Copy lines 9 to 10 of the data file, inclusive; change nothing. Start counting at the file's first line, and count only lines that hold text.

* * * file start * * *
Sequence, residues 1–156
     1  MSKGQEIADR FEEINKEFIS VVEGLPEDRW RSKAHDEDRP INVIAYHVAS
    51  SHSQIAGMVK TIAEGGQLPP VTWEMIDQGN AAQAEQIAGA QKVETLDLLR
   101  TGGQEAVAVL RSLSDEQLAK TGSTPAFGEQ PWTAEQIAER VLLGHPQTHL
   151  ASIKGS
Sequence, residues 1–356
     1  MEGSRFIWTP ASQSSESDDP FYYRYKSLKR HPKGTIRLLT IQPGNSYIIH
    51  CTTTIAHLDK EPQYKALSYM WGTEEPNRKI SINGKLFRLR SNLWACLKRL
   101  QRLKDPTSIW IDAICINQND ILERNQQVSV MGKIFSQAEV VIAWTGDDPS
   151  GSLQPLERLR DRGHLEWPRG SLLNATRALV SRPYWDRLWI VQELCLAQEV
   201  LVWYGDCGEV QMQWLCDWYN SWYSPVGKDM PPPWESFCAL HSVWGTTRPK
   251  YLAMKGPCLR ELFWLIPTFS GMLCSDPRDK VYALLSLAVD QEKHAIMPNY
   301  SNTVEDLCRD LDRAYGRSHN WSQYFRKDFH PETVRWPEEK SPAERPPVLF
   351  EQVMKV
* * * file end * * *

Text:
   101  QRLKDPTSIW IDAICINQND ILERNQQVSV MGKIFSQAEV VIAWTGDDPS
   151  GSLQPLERLR DRGHLEWPRG SLLNATRALV SRPYWDRLWI VQELCLAQEV